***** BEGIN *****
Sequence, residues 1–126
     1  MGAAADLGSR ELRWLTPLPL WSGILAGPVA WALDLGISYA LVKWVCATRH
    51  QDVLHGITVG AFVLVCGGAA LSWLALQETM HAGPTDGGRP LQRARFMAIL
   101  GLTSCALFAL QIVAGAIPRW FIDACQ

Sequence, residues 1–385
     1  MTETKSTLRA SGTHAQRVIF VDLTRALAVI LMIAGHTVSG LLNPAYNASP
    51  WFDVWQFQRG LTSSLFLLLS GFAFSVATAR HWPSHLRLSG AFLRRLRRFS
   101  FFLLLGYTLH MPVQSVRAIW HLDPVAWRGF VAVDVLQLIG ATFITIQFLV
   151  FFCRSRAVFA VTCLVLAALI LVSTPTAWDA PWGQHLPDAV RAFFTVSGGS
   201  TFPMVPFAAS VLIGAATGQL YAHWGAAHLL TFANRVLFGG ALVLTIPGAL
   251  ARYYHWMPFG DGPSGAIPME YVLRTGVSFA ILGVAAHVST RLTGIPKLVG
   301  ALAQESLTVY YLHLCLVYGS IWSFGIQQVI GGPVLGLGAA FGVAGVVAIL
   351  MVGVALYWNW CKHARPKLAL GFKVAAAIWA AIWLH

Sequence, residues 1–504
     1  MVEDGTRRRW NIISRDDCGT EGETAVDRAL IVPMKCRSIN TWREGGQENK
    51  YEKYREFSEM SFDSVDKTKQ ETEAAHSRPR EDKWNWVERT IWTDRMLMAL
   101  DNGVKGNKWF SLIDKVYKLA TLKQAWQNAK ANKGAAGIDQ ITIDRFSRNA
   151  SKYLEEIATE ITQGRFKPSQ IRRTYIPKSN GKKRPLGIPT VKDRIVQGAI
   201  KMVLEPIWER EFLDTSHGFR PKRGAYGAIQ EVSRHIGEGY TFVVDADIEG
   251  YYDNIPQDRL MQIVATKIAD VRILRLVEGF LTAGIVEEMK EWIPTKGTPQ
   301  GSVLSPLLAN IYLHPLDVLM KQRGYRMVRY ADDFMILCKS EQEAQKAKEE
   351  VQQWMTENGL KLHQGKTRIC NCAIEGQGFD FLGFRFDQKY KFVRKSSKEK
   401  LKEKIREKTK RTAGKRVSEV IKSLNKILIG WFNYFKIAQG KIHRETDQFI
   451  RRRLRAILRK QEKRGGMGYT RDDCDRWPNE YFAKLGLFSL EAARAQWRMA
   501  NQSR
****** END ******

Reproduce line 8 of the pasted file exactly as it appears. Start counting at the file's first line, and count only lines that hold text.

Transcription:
   101  FFLLLGYTLH MPVQSVRAIW HLDPVAWRGF VAVDVLQLIG ATFITIQFLV